Central Annum 5

The schoolmaster was petrified by the importance of the occasion. When the inspector told him to let us see the physical culture class in action, the only thing he could think of getting them to demonstrate for our benefit was breathing exercises. We stood there watching the small chests inflating and deflating hundreds of times, as it seemed, before realising that the schoolmaster intended the repertoire to go no further than this. Finally the inspector, whose eyes were beginning to bulge, could stand it no longer, ‘Surely that’s not all they’ve been taught?’ The schoolmaster explained that he had thought best to perfect one thing at a time and that they had tended to concentrate, until now, on rhythmical breathing. His scared voice could hardly be heard above the busy intake and expulsion of breath. The inspector went over to tell them to stop but although the children showed the whites of their eyes at the approach of the fierce, pale face, they could not be made to understand. ‘Well, for God’s sake get them to do something,’ the inspector said. ‘Don’t have them stand about like this. Get them on the move. They have got legs, haven’t they?’ Prak looked on, wiping the palms of his hands together and leering ferociously at the schoolmaster who, in desperation, managed another order, and the boys formed a line and began to run round in a circle. When asked by the inspector what they called that, the schoolmaster said, correct running. The inspector swore and we walked away, leaving the pupils and future citizens of Cu-Ty to their correct running, which they continued until we were out of sight.
In spite of the informality of Prak’s reception his conduct of the ensuing ceremony was exemplary, and it was an interesting one, preserv¬ing possibly more of its ancient character than any I had previously seen. The Resident was seated before the jars with his right foot placed on the customary copper bracelet, which itself rested on an axe head and contained some cotton and pieces of pork cut from the recently slain pig. A bowl containing the pig’s heart and its four feet was placed on the ground so that the Resident faced it while the sorcerer went through the familiar manipulations with a white cock. Prak’s wealth was, of course, displayed in an impressive battery of gongs, and when these struck up they raised a din which brought the domestic animals scurrying from far and near for their share in the libations. Prak’s alcohol, too, was stronger than I had tasted, the principal jar being hardly weaker than proof whisky. None of the members of the harem appeared, but it was soon evident that they were conducting a ceremony of their own, for a strange sound was heard from the interior apartments. It was a gramophone, playing sambas and rumbas; the favourite, Maria de Bahia, being played some half-dozen times while we were there. The interpreter who had been sitting apart, his face graven with a smile of resolute tolerance, told me that such Latin-American popular recording was the only type of Western music popular with the Mot’s.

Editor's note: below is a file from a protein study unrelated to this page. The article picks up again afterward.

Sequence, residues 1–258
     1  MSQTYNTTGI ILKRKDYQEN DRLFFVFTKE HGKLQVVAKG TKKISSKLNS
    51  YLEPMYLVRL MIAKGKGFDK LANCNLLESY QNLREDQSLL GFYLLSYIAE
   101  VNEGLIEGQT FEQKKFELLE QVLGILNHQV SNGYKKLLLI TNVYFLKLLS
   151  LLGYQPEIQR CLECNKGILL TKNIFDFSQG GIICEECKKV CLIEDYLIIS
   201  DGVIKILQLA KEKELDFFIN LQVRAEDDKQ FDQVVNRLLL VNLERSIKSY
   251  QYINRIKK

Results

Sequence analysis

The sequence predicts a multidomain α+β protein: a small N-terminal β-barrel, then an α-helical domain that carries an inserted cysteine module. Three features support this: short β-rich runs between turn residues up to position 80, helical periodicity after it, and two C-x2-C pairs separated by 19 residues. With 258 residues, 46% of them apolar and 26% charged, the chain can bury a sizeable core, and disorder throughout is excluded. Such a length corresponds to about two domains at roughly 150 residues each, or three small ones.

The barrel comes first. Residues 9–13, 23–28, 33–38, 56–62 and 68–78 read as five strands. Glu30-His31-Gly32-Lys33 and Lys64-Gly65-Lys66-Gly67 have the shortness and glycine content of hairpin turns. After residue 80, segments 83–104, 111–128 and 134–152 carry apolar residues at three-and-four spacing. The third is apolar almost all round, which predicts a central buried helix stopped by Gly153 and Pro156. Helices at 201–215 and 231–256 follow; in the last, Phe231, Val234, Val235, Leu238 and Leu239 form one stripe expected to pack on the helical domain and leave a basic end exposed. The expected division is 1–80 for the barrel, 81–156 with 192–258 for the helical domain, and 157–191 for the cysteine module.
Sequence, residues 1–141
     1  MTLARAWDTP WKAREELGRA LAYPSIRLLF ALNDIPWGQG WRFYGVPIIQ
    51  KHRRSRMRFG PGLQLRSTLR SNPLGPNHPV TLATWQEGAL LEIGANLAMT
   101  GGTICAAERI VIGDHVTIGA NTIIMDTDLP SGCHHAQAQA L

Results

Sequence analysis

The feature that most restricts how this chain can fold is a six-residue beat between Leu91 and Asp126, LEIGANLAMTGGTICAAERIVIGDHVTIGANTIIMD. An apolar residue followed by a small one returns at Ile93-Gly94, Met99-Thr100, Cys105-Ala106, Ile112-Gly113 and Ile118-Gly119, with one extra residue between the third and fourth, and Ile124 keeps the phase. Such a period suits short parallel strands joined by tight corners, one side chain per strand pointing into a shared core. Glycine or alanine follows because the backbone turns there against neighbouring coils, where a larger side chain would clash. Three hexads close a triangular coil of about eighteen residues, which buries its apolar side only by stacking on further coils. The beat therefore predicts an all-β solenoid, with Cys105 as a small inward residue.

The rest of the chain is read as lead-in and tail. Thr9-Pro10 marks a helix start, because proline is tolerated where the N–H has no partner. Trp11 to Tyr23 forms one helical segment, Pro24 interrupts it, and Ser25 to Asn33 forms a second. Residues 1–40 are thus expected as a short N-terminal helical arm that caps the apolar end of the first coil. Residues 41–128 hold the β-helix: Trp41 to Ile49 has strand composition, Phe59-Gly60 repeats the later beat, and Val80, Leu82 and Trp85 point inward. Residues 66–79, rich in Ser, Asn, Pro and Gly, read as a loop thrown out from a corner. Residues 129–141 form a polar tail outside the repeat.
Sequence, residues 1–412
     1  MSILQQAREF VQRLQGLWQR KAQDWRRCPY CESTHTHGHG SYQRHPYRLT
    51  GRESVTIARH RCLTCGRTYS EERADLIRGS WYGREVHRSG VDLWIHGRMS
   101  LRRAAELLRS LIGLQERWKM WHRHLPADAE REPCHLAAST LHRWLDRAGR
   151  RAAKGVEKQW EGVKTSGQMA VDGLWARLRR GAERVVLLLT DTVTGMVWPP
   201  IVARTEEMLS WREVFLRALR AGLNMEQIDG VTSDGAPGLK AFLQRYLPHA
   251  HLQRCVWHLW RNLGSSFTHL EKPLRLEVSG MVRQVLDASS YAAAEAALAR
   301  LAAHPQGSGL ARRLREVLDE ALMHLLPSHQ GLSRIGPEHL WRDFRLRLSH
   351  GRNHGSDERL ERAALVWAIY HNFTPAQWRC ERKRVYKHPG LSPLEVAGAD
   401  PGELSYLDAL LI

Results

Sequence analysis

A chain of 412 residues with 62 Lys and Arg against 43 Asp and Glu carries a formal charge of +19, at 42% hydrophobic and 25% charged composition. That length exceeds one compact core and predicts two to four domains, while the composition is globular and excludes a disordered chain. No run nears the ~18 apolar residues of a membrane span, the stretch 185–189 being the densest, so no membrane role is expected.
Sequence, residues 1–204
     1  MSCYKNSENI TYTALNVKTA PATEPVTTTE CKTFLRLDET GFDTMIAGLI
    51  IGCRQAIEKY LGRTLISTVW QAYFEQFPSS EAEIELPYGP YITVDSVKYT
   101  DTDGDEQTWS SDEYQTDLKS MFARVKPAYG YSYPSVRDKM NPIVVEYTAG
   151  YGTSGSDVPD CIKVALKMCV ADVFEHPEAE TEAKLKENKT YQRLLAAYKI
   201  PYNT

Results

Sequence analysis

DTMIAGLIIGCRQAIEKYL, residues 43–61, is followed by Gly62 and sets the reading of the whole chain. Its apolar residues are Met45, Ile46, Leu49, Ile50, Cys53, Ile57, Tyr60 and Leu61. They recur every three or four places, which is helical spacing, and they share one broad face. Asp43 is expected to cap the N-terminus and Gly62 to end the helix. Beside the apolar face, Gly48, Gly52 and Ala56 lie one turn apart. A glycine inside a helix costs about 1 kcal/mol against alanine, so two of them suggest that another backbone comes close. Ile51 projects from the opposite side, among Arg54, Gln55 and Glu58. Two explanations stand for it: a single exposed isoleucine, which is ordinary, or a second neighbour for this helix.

The afternoon’s entertainment was concluded when Cu-Ty’s leading elephant hunter gave a demonstration of his skill with the crossbow. Having heard much of Mot’ aptitude with this weapon (for example, they kill even elephants with an enormous bow loaded by two men), I was ready to be shown marvels. With suitable reverence we stood by while the great man was handed his bow, selected from a quiver a two-foot length of untipped bamboo, and slipped it, with professional unconcern, into the notch. One half expected a cruel piece of eccentricity of the William Tell order, which would have to be sternly discountenanced by the Resident, or, failing that, the splitting of a wand at thirty paces after the manner of Sherwood forest. Our marksman, however, requested from Prak, and was granted, permission to aim at a fairly stout sacrificial mast from about half this distance. The bolt was discharged with such terrific force that I did not see it in the air. However, to the great satisfaction of the onlooking villagers, it missed the mast. The second bolt went home and it took two men to pull it out again.
The Resident now asked Prak for information about the road to Stung Treng and Prak told him that there were bandits in and around Bo-Kheo itself, and that shooting had been heard in this village on the previous day. Further conversation followed in private; it probably had to do with the demand for three hundred more men for the plantations. When this subject happened to come up I asked one of the Resident’s staff what would happen to a man who ran away from the plantation and went back to his village. The answer was that the chief, who had received a premium for him, would undoubtedly send him back again. If, on the other hand, the man left his village to avoid labour or military conscrip¬tion, he would be breaking customary law, since it was an offence for a man to leave his village without the chief s sanction. One could imagine the fate of any fugitive who threw himself on Prak’s mercy.
When we left Prak escorted us part of our way in his jeep. With great difficulty he was levered into the seat next to the driver, half-tipsy and humming through his nose, ‘The Lady in Red’. Behind him sat the elephant hunter, having substituted a Sten-gun for his bow. Thus the cortege set out for Pleiku. As we passed the school the pupils were lined up at the roadside waving tricolours and chanting, ‘Bonjour Monsieur, merci Monsieur’, which, as it sounded extremely like something by Ketelby, seems to suggest that this composer’s inspiration was sometimes more truly oriental in feeling than most of us have supposed.

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